Bears-Vikings game could be a 2-person quarterback scramble with Fields and Dobbs both bound to run
Sun, Nov 26, 2023
NFL News (AP)
MINNEAPOLIS (AP) - Joshua Dobbs first discovered his ability to run with the ball - and fondness for it - when he started playing the sport as a 6-year-old growing up in Georgia.
That scrambling speed and instinct for pass rush evasion are vital skills in the NFL these days, an unexpected jolt of energy for the Minnesota Vikings after the season-ending Achilles tendon injury to Kirk Cousins threatened to veer off course their bid for the playoffs.
Sometimes there's a simpler explanation, too.
"There's a lot of large individuals on the other side of the football, and it's painful when they hit you, so it's more of running not to have to be hit by those guys," Dobbs said. "It's always been part of my game, and now the key is always finding ways to make sure that aspect of the game is never lost."
Dobbs has 389 rushing yards this season, including his totals with the Arizona Cardinals before he was acquired by the Vikings in an emergency trade, that's second only to Baltimore's Lamar Jackson among quarterbacks in the league. His 70 attempts are third behind Jackson and Philadelphia's Jalen Hurts.
In three games with Minnesota, Dobbs has three rushing touchdowns. The rest of the team has a total of two for the entire season.
"He has a real ability as a runner. I think it comes natural to him," coach Kevin O'Connell said. "We just have to find that right balance where we are tactically doing it for the right reasons and not taking that low-hanging fruit of just relying on that to run the football."
When the Vikings (6-5) host the Chicago Bears at U.S. Bank Stadium on Monday night, there should be no assuming that a retreat to the pocket will precede a pass in the air.
Dobbs might just be a casual jogger compared to Justin Fields, whose 1,904 rushing yards over the past three years are second only to Jackson. In 34 career games, Fields has 137 scrambles, defined as a play with positive rushing yardage after a drop back to pass. That's the most in the league, according to Sportradar data. His average of 6.41 yards per attempt is also the best by any NFL quarterback with 20 or more runs over that span.
Fields has not come close to hitting his stride as a passer. The Bears (3-8) have been a team in tumult since trading up in the 2021 draft to take him with the 11th overall pick. The talent around Fields has been mostly lacking. The direction of the offense under coach Matt Eberflus and his staff over the past two seasons has been consistently questioned.
This prime-time matchup in Minnesota will pose an important test for Fields, who returned to the Bears last week after a four-game absence with a dislocated thumb. His future with the club remains in the balance with less than two months left in his critical third year.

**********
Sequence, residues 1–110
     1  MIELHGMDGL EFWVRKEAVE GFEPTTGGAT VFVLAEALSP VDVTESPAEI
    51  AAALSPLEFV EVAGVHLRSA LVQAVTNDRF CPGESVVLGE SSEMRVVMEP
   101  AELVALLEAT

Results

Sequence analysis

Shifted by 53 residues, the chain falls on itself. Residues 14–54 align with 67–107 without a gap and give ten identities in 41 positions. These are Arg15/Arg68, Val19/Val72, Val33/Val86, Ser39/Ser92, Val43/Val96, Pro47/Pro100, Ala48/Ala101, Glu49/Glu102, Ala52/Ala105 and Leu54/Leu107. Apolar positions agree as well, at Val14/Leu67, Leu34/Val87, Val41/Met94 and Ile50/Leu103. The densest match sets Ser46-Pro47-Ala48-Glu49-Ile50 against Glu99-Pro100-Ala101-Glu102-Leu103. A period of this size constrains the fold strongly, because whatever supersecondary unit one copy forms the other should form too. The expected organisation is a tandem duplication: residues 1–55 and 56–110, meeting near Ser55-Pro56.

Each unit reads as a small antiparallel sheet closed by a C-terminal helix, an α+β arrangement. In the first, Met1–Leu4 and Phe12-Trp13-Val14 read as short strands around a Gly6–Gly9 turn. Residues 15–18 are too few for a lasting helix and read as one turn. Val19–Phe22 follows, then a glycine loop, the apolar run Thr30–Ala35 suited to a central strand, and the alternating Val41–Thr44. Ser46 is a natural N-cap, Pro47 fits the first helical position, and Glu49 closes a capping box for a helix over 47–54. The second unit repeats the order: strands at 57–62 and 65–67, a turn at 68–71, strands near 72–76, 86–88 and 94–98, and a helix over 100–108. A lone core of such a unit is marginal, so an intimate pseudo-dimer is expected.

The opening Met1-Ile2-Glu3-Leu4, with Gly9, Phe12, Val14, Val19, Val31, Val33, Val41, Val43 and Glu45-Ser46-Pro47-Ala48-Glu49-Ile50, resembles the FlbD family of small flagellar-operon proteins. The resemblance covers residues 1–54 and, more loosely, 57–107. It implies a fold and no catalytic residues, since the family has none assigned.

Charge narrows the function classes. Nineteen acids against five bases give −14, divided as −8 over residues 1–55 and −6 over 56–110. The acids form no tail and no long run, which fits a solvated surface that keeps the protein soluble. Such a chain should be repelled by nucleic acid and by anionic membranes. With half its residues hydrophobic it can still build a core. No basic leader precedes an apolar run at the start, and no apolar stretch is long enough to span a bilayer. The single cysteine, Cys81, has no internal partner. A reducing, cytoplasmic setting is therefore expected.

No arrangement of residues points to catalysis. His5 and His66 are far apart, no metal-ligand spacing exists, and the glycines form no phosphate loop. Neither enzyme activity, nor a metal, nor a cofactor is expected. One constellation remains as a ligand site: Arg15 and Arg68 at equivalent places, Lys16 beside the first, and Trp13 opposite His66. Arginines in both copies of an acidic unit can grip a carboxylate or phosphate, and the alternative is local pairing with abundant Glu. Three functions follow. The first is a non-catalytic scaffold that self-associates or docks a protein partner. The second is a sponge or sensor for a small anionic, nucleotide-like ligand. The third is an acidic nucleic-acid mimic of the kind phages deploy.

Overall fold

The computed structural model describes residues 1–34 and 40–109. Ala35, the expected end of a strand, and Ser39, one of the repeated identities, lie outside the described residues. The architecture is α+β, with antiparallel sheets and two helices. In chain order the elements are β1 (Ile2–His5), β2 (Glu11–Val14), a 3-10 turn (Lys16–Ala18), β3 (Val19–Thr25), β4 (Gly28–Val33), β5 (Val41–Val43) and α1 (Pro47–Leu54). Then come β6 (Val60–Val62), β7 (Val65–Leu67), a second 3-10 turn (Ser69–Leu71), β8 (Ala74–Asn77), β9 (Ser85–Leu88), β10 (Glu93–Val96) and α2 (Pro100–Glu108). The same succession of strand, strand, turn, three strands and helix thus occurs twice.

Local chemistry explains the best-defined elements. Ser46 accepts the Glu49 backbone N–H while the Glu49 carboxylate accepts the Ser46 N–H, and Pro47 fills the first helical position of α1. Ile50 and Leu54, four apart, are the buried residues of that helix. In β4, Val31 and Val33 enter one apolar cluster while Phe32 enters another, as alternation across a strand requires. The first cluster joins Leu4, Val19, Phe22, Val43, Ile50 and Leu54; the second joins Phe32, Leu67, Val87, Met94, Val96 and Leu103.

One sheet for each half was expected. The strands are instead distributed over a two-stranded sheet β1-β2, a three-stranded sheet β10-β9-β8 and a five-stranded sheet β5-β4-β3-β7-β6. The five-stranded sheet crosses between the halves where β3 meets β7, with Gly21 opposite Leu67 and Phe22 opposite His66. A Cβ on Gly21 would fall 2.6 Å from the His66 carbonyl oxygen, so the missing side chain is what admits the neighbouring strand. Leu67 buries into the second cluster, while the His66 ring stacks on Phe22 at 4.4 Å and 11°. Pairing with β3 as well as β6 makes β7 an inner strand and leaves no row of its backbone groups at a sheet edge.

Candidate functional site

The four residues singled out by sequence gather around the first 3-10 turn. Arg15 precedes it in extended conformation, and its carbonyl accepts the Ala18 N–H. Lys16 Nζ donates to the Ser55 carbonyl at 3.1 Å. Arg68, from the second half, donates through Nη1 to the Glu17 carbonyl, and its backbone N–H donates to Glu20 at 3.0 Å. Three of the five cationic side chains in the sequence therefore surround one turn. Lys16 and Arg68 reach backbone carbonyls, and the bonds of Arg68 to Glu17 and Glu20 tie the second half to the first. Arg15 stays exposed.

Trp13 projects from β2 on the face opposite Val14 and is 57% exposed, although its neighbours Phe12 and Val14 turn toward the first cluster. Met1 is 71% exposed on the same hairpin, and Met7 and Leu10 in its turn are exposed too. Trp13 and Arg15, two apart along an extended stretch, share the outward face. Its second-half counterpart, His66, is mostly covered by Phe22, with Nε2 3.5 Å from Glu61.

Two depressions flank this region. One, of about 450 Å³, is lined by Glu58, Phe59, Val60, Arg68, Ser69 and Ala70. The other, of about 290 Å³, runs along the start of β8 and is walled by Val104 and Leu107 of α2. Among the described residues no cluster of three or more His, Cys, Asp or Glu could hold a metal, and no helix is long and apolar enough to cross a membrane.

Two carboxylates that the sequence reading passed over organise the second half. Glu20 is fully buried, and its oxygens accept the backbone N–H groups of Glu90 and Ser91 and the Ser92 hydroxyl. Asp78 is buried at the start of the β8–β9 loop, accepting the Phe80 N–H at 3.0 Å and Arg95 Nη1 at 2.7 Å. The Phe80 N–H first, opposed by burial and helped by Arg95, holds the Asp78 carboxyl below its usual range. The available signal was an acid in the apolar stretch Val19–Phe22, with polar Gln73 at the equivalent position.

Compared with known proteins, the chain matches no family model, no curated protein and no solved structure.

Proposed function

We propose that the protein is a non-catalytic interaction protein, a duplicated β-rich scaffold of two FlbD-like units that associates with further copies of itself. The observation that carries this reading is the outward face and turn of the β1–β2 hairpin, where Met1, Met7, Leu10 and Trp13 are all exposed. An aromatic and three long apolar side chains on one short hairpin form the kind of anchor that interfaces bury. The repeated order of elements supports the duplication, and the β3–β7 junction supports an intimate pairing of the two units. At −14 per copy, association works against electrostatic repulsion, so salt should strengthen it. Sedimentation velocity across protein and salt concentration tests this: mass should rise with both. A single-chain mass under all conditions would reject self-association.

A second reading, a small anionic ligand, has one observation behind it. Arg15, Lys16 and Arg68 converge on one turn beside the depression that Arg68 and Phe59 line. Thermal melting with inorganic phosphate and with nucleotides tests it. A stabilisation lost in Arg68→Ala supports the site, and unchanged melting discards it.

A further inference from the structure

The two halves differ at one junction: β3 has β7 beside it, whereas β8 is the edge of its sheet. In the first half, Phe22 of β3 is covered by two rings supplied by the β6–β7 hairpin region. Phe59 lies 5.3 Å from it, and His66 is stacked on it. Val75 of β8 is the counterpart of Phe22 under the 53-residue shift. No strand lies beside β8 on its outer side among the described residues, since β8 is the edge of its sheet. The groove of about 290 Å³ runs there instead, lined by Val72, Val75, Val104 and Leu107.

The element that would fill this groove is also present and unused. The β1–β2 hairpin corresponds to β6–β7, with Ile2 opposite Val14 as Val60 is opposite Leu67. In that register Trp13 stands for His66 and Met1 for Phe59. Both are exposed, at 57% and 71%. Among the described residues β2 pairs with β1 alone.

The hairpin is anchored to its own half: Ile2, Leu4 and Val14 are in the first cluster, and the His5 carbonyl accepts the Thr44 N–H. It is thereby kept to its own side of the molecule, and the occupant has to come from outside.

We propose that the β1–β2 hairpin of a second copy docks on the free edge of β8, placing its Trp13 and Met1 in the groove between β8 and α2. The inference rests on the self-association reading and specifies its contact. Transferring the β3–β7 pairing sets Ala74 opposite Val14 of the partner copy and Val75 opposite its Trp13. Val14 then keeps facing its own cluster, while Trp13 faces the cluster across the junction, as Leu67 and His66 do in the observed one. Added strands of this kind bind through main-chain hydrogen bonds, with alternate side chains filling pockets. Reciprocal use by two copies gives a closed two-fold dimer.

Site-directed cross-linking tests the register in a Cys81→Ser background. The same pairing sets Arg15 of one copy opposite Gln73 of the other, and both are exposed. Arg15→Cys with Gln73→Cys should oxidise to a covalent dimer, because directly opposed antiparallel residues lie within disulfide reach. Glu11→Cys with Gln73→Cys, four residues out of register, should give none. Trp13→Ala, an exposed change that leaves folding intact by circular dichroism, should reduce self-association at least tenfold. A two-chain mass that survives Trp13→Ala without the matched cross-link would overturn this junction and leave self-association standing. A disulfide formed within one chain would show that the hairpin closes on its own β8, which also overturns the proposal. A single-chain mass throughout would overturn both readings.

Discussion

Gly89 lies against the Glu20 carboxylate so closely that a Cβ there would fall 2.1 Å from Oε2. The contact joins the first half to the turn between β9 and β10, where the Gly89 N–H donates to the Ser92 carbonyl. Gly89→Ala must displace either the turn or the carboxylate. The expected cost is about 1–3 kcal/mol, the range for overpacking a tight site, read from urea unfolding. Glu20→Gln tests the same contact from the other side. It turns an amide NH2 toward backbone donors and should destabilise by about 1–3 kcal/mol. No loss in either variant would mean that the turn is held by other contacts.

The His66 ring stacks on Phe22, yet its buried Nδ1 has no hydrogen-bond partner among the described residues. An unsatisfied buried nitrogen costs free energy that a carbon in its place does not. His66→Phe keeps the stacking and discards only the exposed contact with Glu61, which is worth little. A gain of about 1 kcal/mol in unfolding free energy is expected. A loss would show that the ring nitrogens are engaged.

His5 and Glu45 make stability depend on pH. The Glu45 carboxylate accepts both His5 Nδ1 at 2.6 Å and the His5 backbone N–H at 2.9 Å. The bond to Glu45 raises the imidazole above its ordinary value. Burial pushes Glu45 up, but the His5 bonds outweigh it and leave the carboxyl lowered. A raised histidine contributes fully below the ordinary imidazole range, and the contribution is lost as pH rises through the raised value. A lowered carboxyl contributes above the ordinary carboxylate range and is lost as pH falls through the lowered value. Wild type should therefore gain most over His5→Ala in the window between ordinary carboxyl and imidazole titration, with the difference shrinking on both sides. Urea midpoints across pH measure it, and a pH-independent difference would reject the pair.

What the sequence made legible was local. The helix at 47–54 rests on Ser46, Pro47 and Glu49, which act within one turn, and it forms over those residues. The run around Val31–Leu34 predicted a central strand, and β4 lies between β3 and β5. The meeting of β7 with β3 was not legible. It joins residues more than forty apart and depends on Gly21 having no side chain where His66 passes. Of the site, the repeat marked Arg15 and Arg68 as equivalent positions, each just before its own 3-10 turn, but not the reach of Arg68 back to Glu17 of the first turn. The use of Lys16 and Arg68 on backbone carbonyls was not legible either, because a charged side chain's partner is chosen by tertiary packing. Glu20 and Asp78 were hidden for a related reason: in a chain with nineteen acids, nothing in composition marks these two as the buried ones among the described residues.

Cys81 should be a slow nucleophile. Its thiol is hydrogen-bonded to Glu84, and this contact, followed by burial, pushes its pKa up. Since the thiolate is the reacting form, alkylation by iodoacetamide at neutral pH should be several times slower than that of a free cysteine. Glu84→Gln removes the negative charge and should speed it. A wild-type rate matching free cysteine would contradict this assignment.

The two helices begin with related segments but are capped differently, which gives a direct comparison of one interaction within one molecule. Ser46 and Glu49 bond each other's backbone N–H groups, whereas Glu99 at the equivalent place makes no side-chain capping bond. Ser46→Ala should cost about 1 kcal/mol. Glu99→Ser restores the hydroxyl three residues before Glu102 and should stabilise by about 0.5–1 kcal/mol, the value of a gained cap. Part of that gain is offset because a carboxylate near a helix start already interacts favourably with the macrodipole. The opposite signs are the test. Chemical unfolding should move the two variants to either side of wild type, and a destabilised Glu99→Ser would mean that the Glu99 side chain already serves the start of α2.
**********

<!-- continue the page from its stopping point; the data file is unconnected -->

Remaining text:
Finishing strong is also on the to-do list at the game level. The Bears blew a 12-point lead with about three minutes left and lost 31-26 to the NFC North-leading Lions, spoiling an otherwise-sharp performance by Fields.
"Just doing all I can to make the team successful, whatever that includes. Whatever play call we have, just doing that play call, focusing on the play call," Fields said.
Fields has had draft status on his side, of course. Teams are typically committed for awhile to quarterbacks they pick in the first half of the first round. Dobbs never had that backing, as a fourth-rounder in 2017 who was initially stuck behind two-time Super Bowl champion Ben Roethlisberger with the Pittsburgh Steelers. He's been traded three times, including the deal that sent him to the Vikings for his seventh club in seven years in the league.
"You've got a lot of respect for a guy who can just come in and kind of will his team to victory," Bears linebacker T.J. Edwards said.
Though he has an aerospace engineering degree that makes deciphering defenses seem like a simple math problem and has plenty of zip on his throws, Dobbs ironically has had a hard time showcasing his best skill because of the sidewinding course of his career.
There's no tackling in practice in the NFL. Quarterbacks are off limits for contact, so there's rarely a true pass rush for them to work against.
"I'm difficult to tackle. I'm difficult to get to the ground in a lot of different scenarios, whether it's inside the pocket, outside the pocket," Dobbs said. "If you watch any of my film and old preseason tape, it shows up on tape constantly. But it is something hard to show in practice."
Both Cousins and Dobbs are set to become free agents in the spring. The Vikings will have to figure out soon whether to re-sign one of them, draft a new one, do both - or pick a different option. Dobbs, like Fields, will be auditioning over the next six games whether he's comfortable acknowledging it or not.
"I kind of accepted that it was going to be my journey," he said. "Whatever opportunity's thrown my way, no matter how big or small, I'm just going to make the most of it."
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